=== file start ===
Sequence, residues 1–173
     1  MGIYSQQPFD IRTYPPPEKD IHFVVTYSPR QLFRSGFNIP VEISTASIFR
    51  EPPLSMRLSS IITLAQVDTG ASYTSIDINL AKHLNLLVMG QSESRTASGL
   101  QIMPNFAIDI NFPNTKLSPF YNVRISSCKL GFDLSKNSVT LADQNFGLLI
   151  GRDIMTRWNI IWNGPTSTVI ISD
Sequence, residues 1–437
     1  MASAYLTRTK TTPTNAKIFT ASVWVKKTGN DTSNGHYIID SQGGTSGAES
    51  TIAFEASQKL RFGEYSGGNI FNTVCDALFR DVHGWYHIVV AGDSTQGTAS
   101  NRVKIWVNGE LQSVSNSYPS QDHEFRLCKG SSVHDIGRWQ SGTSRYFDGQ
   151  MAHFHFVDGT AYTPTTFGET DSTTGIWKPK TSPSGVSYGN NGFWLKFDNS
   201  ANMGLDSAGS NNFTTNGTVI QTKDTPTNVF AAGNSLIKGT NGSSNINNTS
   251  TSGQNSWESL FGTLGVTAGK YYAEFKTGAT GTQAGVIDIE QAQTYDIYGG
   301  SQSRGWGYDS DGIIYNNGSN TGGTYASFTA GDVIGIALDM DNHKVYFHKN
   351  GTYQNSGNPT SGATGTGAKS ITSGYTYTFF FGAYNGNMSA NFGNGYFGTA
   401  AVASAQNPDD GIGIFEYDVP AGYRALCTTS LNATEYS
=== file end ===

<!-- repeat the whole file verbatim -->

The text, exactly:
Sequence, residues 1–173
     1  MGIYSQQPFD IRTYPPPEKD IHFVVTYSPR QLFRSGFNIP VEISTASIFR
    51  EPPLSMRLSS IITLAQVDTG ASYTSIDINL AKHLNLLVMG QSESRTASGL
   101  QIMPNFAIDI NFPNTKLSPF YNVRISSCKL GFDLSKNSVT LADQNFGLLI
   151  GRDIMTRWNI IWNGPTSTVI ISD
Sequence, residues 1–437
     1  MASAYLTRTK TTPTNAKIFT ASVWVKKTGN DTSNGHYIID SQGGTSGAES
    51  TIAFEASQKL RFGEYSGGNI FNTVCDALFR DVHGWYHIVV AGDSTQGTAS
   101  NRVKIWVNGE LQSVSNSYPS QDHEFRLCKG SSVHDIGRWQ SGTSRYFDGQ
   151  MAHFHFVDGT AYTPTTFGET DSTTGIWKPK TSPSGVSYGN NGFWLKFDNS
   201  ANMGLDSAGS NNFTTNGTVI QTKDTPTNVF AAGNSLIKGT NGSSNINNTS
   251  TSGQNSWESL FGTLGVTAGK YYAEFKTGAT GTQAGVIDIE QAQTYDIYGG
   301  SQSRGWGYDS DGIIYNNGSN TGGTYASFTA GDVIGIALDM DNHKVYFHKN
   351  GTYQNSGNPT SGATGTGAKS ITSGYTYTFF FGAYNGNMSA NFGNGYFGTA
   401  AVASAQNPDD GIGIFEYDVP AGYRALCTTS LNATEYS